Exxon Valdez Oil Spill Trustee Council seeks public comment

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The Exxon Valdez Oil Spill Trustee Council is taking public comments on several draft resolutions that would change the Council’s meetings, change how trust funds are managed, and expand the oil spill’s original boundaries to incorporate an ecosystem approach.

The first resolution seeks to eliminate the annual public meeting and funding process. The annual meeting is normally used to decide how to fund annual projects, but since the Trustee Council is moving to a multi-year plan of projects, they are proposing instead to meet as necessary to address any changes to these projects.

In fact, the second draft resolution would grant the Trustee Council the authority to approve multiple years of funding for projects.

The third resolution would combine certain trust fund accounts, namely the habitat and research ones, into a single multi-purpose account. Federal legislation would need to be changed, though, to combine those accounts. Currently, the accounts are earning good returns with the State Department of Revenue. Another option, to avoid the lengthy process of changing federal legislation, that the Council is considering is to transfer these trust funds to the Department of Interior’s Natural Resource Damage Assessment and Restoration Fund, which typically earns minimal returns.

What might be the most significant proposed amendment to the EVOS restoration plan is a redefining of the oil spill impact boundary. Right now, the oil spill area is restricted to the initial impact area. Funds from the trust are primarily spent where the most serious injury occurred after the 1989 spill.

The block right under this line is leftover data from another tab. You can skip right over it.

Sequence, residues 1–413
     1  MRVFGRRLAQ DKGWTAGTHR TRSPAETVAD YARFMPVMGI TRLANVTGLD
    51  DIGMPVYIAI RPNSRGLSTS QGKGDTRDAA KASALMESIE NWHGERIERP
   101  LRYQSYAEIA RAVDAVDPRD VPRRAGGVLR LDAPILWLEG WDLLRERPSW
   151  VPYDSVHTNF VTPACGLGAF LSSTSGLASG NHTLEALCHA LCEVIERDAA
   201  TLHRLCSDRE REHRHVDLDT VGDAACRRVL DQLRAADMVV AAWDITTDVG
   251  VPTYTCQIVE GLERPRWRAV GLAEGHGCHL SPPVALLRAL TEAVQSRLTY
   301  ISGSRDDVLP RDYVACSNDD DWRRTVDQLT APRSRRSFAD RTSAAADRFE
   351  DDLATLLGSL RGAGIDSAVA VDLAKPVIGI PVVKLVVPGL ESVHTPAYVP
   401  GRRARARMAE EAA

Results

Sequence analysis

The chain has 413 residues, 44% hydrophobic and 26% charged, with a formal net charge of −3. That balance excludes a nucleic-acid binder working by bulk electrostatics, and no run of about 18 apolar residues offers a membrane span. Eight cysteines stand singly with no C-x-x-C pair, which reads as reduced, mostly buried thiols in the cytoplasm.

However, according to the draft resolution, QUOTE “available science has consistently pointed to a broader ecological footprint attributable to the spill.” UNQUOTE For instance, many of the sea birds injured by the spill have had to relocate significant distances away, interrupting their reproductive cycles. So, the Council is looking to redefine the spill impact area according to ecosystem, rather than the immediate geographical area, in order pursue more comprehensive restoration projects.

You can review the draft resolutions and submit public comment on the Exxon Valdez Oil Spill Trustee Council website. Public comments will be taken until December 16.

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